In the 1980s, David Hartman, z"l, wrote: "Making the State of Israel the spiritual possession of one segment of the Jewish people undermines the most important instrument for building Jewish collective consciousness today." (A Heart of Many Rooms)
Despite the challenges, Israel, with her daily trials and triumphs, is surely – potentially – one of the biggest sources for building Jewish peoplehood and therefore a sense of a shared destiny. But in its often crumbling complexity, it might also ultimately serve to be a source of ongoing divisiveness and the breakdown of Jewish peoplehood. Thus each dilemma is an opportunity for leaders to engage toward new possibilities…toward a new covenant.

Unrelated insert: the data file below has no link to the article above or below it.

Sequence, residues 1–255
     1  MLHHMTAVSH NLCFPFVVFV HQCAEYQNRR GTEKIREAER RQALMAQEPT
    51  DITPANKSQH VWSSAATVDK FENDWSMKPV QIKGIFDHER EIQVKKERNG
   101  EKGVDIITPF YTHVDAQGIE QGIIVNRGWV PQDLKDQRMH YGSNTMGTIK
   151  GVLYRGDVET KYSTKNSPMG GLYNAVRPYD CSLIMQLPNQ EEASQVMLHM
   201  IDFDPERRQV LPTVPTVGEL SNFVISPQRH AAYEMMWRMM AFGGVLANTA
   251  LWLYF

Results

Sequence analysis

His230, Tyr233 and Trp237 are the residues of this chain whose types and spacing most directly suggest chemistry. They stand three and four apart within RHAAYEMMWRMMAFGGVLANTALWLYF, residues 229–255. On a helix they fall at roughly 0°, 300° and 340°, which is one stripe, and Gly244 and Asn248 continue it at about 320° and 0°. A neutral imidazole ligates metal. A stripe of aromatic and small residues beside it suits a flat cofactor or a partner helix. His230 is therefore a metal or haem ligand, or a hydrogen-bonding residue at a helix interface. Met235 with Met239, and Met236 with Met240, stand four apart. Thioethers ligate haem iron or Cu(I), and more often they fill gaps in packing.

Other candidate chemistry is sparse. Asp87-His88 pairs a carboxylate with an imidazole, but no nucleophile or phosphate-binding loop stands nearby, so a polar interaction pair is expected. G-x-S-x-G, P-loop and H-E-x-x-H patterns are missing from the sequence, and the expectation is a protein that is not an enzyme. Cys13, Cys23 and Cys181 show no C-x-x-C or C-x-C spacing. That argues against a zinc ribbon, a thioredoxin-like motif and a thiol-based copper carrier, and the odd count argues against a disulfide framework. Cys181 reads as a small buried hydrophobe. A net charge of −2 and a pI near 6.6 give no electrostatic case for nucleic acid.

If more leaders are braver, more concerned with Jewish peoplehood and less with personal political power, then they will be more likely to find – even among the legitimate debates – shared values regarding the issues of the day. Such courage will represent the possibility of the Covenant of Destiny of the Jewish people – one in which all Jews can fully embrace shared purposes and shared sacred spaces.
The people who will succeed or fail to answer these questions and make Jewish peoplehood relevant in the future are Jewish leaders like you.
The knowledge, relationships, resources, and leadership capital to respond to these questions exist among us; their collective power can be harnessed to ensure positive responses to all three questions and in this way ensure the renewal of a covenant of destiny – a Brit Yeud – in our time.